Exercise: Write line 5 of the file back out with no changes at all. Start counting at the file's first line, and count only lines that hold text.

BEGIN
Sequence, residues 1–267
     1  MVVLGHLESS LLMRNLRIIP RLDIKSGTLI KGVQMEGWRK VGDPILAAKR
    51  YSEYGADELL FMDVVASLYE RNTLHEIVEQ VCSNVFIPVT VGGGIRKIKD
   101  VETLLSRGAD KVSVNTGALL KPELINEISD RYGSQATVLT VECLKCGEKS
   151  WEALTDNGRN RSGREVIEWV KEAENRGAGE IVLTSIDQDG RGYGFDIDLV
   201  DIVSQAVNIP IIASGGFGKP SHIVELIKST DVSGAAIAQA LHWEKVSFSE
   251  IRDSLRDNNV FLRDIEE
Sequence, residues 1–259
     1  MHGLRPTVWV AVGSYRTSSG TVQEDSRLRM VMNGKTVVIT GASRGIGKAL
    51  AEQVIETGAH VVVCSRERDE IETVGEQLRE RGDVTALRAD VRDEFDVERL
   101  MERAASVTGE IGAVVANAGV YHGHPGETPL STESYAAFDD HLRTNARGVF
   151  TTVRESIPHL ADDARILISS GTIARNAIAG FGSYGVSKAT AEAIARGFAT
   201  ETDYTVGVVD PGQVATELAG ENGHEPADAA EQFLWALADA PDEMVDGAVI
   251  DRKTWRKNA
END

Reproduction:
   151  WEALTDNGRN RSGREVIEWV KEAENRGAGE IVLTSIDQDG RGYGFDIDLV